We could see that the road was going to take us directly through this spectacular corridor of color. There was a palpable, yet tacit awe in our observations, with everyone staring ahead, privately absorbing this fascinating visual treat. Morocco had delivered an abundance of unusual sights over the previous days and I assumed that this phenomenon of nature, like all the rest, would be explained later by our guide. One of our group pointed at the scene ahead, wanting to ensure we all were seeing it. We were.
...things aren't always what they seem—and sometimes are more enthralling when left to their unanswered mysteries. "
Our speed rapidly eclipsed the distance, the road drawing us closer to the surreal garden of color. But as we approached the edge of this wonderland of vegetation it became apparent that what was creating this stunning scene wasn’t some strange North African, late-afternoon-blooming plant, but rather, thousands upon thousands of discarded plastic grocery bags whose colors ran the gamut of the rainbow.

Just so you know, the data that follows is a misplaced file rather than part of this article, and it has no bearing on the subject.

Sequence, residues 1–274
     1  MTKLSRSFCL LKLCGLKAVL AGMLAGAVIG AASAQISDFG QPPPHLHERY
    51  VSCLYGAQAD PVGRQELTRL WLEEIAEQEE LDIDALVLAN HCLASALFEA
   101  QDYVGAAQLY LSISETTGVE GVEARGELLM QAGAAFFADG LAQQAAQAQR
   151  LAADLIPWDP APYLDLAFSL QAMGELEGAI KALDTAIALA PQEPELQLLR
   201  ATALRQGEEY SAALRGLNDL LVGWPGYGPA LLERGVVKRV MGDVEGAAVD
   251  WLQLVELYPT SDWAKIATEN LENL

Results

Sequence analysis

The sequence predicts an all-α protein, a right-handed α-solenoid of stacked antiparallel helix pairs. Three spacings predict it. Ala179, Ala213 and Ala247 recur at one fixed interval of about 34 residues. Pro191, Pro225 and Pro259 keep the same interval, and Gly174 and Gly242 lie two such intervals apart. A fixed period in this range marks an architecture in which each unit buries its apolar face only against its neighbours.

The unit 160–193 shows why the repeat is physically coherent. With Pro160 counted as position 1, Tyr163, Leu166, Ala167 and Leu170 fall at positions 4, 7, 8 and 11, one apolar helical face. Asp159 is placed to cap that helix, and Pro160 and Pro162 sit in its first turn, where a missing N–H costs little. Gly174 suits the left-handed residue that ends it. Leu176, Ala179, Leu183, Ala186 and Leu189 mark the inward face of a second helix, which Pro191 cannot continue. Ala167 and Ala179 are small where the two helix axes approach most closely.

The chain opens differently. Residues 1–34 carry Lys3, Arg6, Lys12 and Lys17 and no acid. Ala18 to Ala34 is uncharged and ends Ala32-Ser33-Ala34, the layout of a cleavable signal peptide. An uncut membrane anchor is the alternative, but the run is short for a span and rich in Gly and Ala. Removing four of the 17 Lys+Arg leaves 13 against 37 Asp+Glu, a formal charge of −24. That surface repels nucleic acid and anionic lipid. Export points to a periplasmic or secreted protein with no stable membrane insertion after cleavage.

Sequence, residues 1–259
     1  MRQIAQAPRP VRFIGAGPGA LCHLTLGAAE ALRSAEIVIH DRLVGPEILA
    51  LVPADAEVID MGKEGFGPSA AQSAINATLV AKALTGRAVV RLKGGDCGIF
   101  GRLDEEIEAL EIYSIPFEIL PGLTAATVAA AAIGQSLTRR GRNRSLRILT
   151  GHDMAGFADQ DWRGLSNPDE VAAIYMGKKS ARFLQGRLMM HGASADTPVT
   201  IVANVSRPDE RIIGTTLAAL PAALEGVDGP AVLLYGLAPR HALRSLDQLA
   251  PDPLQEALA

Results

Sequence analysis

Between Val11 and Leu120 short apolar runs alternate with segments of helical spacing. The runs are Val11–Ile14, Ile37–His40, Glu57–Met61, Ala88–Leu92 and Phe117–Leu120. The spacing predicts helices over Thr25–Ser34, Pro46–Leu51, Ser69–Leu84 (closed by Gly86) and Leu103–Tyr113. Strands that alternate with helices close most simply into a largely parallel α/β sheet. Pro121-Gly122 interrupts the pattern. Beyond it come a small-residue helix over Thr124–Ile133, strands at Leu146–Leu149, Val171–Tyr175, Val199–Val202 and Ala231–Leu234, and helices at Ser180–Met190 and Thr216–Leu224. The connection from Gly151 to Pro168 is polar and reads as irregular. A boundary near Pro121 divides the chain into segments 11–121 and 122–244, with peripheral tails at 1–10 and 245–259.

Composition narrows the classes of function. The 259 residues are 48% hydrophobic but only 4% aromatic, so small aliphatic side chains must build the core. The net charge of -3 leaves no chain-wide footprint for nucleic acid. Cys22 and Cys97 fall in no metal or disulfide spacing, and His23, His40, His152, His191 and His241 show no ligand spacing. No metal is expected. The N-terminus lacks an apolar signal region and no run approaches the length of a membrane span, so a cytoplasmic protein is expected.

These were the cheap, flimsy bags readily available across Morocco at most all grocery stores and small markets. They go out the doors of various establishments in the hands of customers containing fruits and vegetables and other odds and ends. As light as air when empty, the bags become airborne with even the slightest draft, where they begin journeys that take them wherever the wind blows.